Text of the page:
Unexpected granddaddy of youth culture

Walter Annenberg helped shape an era

For the Record

October 06, 2002|By Jeffrey M. Landaw | Jeffrey M. Landaw,Sun Staff

According to Russell Baker, the awful little guy in The Graduate got it wrong.

If he'd really known where the action was going to be, Baker wrote decades ago, he wouldn't have told Dustin Hoffman's Benjamin to get into plastics, he'd have told him to get into youth culture.

Walter Annenberg, who died Tuesday at age 94, was a square's square -- a cube -- who used his publishing empire to punish his enemies and reward his friends, including that embodiment of everything youth culture wasn't, Richard Nixon. But Annenberg understood the economic dynamics of youth culture better than most experts. You could say he helped create it.

In 1944, Annenberg was looking to crack the fashion market. Helen Valentine, head of promotions at Mademoiselle magazine, told him that teen-age girls were an under-served public. "There are a million of them," she said. "They have their own spending money, buy their own lipstick and makeup. Clothing lines are being designed for them and advertisers are ready to buy space, but there is no publication aimed at that market." So Annenberg founded Seventeen, hired Valentine to run it and found he had an immediate hit.

Quasi-adult desires

Seventeen never seemed much like Rolling Stone or the Village Voice -- it still doesn't. It wouldn't take liquor, beer or cigarette ads; during the 1960s, Annenberg's biographer Christopher Ogden observed, it "published little psychedelic art and few photos of long-haired bearded young men." Annen-berg's sister, Enid Haupt, Seventeen's publisher from 1954 to 1962 and its editor until 1970, said, "I love teen-agers, but when it comes to standards I'm an awful square."

But Seventeen's very existence showed that the times, they were a-changing. Young people had quasi-adult desires and purchasing power and no adult responsibilities to hold them back. From the 1950s on, adolescence began to change from a stage of life into a possible career. "An adolescence," Lionel Trilling wrote in The Liberal Imagination, "must not continue beyond its natural term." Before the end of the 1960s, that would sound like a voice from the Stone Age.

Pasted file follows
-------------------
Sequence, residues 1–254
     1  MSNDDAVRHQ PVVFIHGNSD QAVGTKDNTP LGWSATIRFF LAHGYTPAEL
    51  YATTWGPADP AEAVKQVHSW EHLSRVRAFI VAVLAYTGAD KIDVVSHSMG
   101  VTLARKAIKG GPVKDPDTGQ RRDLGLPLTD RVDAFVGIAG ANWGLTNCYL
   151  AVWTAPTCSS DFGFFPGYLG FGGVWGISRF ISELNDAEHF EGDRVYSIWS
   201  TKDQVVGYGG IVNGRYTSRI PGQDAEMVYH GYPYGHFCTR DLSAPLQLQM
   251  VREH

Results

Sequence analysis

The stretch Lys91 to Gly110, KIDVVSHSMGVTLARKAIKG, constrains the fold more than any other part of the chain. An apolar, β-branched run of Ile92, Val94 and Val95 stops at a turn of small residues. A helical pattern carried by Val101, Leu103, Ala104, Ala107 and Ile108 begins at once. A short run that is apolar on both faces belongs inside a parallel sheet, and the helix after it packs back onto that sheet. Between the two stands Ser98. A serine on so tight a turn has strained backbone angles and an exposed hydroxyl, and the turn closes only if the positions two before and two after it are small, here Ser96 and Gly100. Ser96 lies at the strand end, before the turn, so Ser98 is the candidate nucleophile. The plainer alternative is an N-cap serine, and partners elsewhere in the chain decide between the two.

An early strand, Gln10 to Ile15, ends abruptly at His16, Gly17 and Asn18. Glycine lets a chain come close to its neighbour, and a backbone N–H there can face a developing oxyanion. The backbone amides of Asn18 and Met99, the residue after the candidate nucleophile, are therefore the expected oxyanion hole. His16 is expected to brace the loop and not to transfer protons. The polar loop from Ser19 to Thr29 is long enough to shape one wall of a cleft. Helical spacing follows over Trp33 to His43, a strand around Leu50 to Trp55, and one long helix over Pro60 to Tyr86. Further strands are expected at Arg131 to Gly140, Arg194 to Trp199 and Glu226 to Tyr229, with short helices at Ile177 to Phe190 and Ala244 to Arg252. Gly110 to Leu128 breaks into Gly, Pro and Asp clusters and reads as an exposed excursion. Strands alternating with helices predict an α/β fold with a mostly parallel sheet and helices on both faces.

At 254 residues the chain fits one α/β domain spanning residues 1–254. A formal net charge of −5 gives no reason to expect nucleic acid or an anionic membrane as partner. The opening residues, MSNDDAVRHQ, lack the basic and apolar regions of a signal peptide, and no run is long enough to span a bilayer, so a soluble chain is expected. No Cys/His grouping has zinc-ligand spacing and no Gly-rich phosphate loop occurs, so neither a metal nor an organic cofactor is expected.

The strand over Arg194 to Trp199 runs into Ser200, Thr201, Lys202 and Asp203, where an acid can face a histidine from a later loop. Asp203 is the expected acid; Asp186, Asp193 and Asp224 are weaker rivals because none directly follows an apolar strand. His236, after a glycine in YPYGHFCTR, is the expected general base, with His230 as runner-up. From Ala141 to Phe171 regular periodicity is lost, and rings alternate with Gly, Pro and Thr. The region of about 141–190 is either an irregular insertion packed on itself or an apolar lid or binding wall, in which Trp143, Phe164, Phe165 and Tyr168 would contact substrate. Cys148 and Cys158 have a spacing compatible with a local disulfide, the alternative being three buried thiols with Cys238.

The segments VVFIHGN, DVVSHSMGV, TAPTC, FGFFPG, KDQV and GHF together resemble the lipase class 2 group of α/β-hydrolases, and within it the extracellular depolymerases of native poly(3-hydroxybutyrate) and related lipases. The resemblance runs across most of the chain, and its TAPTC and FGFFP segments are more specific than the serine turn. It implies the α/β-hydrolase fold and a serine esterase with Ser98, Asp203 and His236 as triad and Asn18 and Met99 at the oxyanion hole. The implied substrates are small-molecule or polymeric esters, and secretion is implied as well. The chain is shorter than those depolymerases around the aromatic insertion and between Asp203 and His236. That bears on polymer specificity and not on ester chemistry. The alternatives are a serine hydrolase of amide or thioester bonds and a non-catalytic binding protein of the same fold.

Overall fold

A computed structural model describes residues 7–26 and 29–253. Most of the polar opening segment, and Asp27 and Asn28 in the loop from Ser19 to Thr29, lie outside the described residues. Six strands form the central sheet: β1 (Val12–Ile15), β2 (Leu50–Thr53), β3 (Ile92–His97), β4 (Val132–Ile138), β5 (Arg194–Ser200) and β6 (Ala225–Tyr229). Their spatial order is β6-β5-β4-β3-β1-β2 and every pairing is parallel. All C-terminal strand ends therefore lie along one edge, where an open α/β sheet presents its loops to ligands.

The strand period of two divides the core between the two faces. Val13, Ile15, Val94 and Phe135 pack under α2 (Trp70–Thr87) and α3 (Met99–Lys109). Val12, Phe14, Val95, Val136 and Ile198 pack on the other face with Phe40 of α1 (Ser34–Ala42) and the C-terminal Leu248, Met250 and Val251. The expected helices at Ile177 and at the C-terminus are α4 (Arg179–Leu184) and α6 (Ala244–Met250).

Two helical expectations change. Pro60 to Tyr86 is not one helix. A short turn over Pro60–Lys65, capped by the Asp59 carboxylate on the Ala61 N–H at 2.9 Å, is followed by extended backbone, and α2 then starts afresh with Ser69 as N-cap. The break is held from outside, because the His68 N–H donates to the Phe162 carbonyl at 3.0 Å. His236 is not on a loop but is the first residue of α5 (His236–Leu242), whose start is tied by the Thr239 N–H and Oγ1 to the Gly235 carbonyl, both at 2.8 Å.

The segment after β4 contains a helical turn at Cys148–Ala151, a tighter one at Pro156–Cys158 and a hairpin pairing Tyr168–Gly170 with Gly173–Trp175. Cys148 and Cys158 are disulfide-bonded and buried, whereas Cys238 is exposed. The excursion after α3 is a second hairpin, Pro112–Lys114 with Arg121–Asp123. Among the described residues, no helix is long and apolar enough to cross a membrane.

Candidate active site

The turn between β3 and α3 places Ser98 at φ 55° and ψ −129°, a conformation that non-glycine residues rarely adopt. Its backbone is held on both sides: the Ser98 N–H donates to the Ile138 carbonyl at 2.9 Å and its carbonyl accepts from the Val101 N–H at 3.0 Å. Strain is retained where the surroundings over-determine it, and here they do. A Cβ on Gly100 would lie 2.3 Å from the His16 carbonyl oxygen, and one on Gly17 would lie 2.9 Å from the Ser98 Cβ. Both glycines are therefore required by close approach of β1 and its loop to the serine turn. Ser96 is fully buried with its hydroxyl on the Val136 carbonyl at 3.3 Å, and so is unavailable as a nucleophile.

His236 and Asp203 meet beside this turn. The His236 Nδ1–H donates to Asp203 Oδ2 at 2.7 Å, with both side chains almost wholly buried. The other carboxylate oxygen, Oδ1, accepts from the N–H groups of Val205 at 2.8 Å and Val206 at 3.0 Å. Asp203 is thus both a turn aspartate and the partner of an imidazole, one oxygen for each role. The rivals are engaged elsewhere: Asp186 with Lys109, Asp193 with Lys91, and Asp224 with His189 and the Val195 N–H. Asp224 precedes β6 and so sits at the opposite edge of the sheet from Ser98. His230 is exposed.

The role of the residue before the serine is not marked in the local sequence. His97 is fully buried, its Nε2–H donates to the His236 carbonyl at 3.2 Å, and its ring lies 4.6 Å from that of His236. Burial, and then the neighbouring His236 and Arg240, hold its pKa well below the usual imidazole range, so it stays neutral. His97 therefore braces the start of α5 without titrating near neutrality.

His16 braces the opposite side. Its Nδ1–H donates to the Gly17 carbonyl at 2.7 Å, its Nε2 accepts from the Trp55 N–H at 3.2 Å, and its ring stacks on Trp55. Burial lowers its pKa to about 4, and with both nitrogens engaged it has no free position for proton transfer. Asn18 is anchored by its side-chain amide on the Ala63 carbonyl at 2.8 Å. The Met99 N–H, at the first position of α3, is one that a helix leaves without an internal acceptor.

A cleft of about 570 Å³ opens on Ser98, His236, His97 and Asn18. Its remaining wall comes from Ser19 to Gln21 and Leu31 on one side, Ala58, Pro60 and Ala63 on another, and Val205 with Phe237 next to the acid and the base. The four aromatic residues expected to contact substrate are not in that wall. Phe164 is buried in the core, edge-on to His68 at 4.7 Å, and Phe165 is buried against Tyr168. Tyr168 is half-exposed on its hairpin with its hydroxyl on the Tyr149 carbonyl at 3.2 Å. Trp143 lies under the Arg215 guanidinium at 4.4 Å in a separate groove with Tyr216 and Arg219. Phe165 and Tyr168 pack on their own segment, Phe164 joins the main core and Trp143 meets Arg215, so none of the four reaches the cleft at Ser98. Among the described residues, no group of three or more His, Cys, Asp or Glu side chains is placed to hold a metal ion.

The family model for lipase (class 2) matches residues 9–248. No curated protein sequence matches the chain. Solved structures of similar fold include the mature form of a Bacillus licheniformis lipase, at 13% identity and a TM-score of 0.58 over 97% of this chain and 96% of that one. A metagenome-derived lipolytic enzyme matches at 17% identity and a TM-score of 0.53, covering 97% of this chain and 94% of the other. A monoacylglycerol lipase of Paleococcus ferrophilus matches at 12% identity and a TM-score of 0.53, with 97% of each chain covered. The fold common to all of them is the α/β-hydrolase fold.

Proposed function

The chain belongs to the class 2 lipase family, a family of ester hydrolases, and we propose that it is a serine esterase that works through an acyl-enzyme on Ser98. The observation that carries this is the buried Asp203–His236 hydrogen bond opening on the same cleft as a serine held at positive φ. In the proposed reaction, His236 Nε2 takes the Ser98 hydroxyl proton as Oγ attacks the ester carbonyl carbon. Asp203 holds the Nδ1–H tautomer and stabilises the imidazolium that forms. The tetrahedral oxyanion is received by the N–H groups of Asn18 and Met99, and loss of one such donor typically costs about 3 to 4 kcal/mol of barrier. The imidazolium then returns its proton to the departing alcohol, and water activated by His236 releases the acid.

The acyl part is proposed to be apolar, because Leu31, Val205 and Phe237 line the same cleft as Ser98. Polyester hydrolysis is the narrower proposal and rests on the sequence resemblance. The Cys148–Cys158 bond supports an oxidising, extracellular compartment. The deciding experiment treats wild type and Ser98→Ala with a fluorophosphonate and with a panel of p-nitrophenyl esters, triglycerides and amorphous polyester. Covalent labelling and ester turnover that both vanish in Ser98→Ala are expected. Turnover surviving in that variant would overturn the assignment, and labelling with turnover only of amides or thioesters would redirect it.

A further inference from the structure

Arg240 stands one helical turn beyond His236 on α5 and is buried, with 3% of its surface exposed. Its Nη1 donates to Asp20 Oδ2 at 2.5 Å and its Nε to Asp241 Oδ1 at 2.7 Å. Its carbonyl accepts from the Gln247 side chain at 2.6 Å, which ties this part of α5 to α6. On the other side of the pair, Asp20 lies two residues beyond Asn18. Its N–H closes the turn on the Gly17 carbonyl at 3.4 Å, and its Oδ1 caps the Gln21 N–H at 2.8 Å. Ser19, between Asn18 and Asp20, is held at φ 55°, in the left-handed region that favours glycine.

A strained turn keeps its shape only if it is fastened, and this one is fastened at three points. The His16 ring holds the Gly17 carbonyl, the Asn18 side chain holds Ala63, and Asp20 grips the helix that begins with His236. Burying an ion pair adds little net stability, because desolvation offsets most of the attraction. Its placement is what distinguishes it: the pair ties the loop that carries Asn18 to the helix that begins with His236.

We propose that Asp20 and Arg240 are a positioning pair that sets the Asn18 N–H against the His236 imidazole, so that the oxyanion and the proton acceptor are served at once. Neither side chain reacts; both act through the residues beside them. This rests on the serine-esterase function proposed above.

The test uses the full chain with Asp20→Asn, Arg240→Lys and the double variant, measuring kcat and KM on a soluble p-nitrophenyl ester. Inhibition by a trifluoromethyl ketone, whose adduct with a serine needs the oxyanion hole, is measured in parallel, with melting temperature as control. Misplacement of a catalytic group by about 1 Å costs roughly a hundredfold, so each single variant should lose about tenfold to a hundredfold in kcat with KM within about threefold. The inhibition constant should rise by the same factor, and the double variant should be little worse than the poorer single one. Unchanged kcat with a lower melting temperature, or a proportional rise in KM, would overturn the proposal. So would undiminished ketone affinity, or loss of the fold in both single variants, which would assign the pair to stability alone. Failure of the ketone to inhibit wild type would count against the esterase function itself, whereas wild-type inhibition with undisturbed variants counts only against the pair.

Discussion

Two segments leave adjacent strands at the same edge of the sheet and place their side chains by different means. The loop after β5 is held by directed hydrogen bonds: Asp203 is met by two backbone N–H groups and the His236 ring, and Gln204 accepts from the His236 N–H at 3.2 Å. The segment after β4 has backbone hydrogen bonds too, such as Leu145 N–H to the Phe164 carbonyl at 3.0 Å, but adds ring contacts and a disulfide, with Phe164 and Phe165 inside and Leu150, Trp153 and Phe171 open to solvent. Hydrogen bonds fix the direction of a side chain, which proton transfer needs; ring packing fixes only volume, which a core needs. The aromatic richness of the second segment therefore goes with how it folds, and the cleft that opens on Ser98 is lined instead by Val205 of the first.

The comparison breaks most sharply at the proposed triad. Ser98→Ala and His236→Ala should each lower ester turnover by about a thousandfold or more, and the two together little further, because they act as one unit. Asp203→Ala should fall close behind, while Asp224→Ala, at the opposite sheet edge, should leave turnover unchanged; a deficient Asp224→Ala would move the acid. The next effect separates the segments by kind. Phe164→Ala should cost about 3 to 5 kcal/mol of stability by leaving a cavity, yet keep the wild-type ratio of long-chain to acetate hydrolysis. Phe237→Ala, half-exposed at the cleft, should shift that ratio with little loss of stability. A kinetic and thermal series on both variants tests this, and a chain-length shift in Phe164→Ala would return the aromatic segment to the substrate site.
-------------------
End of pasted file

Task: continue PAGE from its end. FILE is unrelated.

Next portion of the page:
Moved with the times

Seventeen kept a discreet distance from the counterculture, but it knew how to move with its audience. Haupt shifted its focus, Ogden wrote, "from stories about kissing and petting to information on menstruation, drug addiction, homosexuality and teen sex and marriage." An earlier Annenberg biographer, Gaeton Fonzi, approvingly quoted a Seventeen columnist at the end of the Sixties: "Virginity is an outmoded ideal." When he discovered the youth market, Annenberg did a lot to make the counterculture possible; Haupt helped bring it into the mainstream.

If Annenberg hadn't discovered that kids had money, someone else would have. He alone can't be blamed for the fact that American pop culture sometimes seems to be stuck in junior year of high school. But he found a very effective channel for the changes that were taking place. So when you're arguing about seeing American Pie 2 or buying Eminem's latest, you know where to tip your hat.

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